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Drug Discovery

Vesalius launches to parse data for elusive cures

New Flagship venture emerges under CEO Chris Austin with $75 million

by Rick Mullin
March 2, 2022 | A version of this story appeared in Volume 100, Issue 9

A formal photo of Christopher Austin.
Credit: Flagship Pioneering
Christopher Austin

One year after stepping down as founding director of the US National Center for Advancing Translational Science (NCATS) to join Flagship Pioneering as CEO-partner, Christopher Austin has been named CEO of the investment firm’s newest venture, Vesalius Therapeutics.

Vesalius is built on the idea that many illnesses have a single diagnosis but actually encompass multiple diseases with distinct biological causes. The company’s Diamond technology will put artificial intelligence to work on genetic data and large clinical databases to segment people with such diseases into therapeutically meaningful groups. Its goal is to treat diseases accountable for 90% of suffering and death.

Vesalius will put Austin to work on a track parallel to the one he followed at the US National Institutes of Health while heading NCATS for nearly a decade. “The genesis of the company is therapeutic frustration,” Austin says—frustration over the lack of available therapies as well as the high rate and cost of clinical failures in searching for cures for many common diseases.

A formal photo of Doug Cole.
Credit: Flagship Pioneering
Doug Cole

Vesalius, co-founded by Austin and Doug Cole, managing partner of Flagship Pioneering, debuts with a $75 million commitment from Flagship. Named after Andreas Vesalius, the 16th century physician recognized as the father of modern anatomy, the company intends to redefine how drug hunters think about and treat illnesses such as autoimmune disorders, diabetes, and Alzheimer’s disease, Cole says.

“The successes of the biotech industry over the last couple of decades have been disproportionately in areas where a single gene clearly causes a disease,” Cole says. “That’s exactly the way you would want to pursue it when that’s the case. But the problem is, that’s not often the case.”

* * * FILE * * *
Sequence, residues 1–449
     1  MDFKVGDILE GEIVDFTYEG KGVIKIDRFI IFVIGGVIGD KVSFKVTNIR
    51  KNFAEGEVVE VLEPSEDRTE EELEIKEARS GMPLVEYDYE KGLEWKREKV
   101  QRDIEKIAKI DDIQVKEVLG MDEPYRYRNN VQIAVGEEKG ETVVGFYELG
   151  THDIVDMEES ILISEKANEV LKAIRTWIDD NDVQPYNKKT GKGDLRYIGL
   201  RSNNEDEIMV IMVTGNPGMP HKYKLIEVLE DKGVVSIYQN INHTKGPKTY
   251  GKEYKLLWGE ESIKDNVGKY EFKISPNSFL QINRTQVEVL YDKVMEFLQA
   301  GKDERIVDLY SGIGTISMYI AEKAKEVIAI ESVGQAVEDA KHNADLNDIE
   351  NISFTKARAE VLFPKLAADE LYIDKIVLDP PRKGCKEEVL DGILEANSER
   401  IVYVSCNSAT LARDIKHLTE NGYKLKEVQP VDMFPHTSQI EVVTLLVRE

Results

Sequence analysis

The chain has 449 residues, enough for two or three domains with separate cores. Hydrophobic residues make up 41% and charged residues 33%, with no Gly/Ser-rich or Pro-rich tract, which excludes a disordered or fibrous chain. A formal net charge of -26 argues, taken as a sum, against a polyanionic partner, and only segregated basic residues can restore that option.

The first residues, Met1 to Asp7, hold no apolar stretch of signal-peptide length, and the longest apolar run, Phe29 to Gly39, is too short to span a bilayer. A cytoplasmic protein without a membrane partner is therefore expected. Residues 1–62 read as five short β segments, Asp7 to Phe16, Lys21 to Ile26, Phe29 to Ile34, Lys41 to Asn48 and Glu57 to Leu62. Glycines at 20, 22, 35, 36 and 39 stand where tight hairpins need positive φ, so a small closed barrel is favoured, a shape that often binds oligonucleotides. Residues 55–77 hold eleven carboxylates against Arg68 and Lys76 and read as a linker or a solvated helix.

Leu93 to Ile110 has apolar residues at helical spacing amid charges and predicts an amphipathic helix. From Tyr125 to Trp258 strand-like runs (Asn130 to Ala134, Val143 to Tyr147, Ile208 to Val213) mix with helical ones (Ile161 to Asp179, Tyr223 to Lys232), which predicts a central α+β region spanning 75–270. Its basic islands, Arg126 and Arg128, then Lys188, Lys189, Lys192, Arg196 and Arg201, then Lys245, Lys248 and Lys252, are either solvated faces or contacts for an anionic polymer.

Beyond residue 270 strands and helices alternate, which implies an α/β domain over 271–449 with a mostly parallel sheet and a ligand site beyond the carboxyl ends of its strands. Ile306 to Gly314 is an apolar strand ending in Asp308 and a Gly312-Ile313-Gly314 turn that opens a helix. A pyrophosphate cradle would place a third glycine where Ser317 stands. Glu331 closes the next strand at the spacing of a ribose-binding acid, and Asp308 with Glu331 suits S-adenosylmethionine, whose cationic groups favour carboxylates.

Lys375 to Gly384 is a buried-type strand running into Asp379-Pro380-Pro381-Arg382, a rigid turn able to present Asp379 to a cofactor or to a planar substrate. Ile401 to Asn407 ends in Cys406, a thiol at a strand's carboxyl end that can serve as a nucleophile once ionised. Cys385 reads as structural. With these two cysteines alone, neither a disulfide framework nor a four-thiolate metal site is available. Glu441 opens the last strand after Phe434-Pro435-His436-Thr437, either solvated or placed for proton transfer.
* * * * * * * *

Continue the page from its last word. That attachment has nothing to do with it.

Austin points to advances in biotechnology since he and Cole both worked as physicians at Massachusetts General Hospital in the 1980s, including gene editing and the ability to test with human cells and multicellular systems. These and other techniques will work in conjunction with the Diamond platform to direct drug discovery and development based on patient biology, he says.

The Diamond platform, developed in-house and with undisclosed technology partners over the past two years, employs AI for biology, chemistry, and clinical outcome analysis in pursuit of both small- and large-molecule therapies. Vesalius will pursue its own drug discovery programs and work with other firms, Austin says.

Multiple companies have developed AI engines that combine clinical data with biology and chemistry. Some have their own drug candidates in clinical trials. Cole acknowledges competition from these firms but says he views the competitive landscape more broadly to include any drug discovery venture seeking a better understanding of biology.

Austin adds that AI has become so pervasive in pharmaceutical research that the technology no longer defines an exclusive competitive focus.

Cole says Vesalius has validated its approach in an undisclosed therapeutic area where it identified a previously unrecognized group of patients and linked it with genetic profiles that suggest a basis for drug screening.

The company began moving this week into lab space in the Kendall Square biotech cluster near Flagship’s headquarters in Cambridge, Massachusetts. Vesalius has a staff of about 40 and expects to hire 200 researchers over the next two years.


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